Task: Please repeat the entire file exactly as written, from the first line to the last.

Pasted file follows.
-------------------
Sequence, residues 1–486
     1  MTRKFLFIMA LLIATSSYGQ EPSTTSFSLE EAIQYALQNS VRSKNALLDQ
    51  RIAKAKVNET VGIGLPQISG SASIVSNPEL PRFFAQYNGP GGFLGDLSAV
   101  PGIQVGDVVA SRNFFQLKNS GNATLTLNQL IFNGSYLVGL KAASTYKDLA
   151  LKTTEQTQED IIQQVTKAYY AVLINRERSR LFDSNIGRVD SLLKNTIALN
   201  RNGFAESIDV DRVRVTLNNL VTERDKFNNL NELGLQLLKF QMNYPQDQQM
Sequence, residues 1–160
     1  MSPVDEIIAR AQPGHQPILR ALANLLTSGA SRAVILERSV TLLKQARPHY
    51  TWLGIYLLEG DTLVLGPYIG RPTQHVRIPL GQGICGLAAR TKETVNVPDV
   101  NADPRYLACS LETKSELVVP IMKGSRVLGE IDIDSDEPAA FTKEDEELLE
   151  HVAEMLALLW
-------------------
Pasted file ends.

Sequence, residues 1–486
     1  MTRKFLFIMA LLIATSSYGQ EPSTTSFSLE EAIQYALQNS VRSKNALLDQ
    51  RIAKAKVNET VGIGLPQISG SASIVSNPEL PRFFAQYNGP GGFLGDLSAV
   101  PGIQVGDVVA SRNFFQLKNS GNATLTLNQL IFNGSYLVGL KAASTYKDLA
   151  LKTTEQTQED IIQQVTKAYY AVLINRERSR LFDSNIGRVD SLLKNTIALN
   201  RNGFAESIDV DRVRVTLNNL VTERDKFNNL NELGLQLLKF QMNYPQDQQM
Sequence, residues 1–160
     1  MSPVDEIIAR AQPGHQPILR ALANLLTSGA SRAVILERSV TLLKQARPHY
    51  TWLGIYLLEG DTLVLGPYIG RPTQHVRIPL GQGICGLAAR TKETVNVPDV
   101  NADPRYLACS LETKSELVVP IMKGSRVLGE IDIDSDEPAA FTKEDEELLE
   151  HVAEMLALLW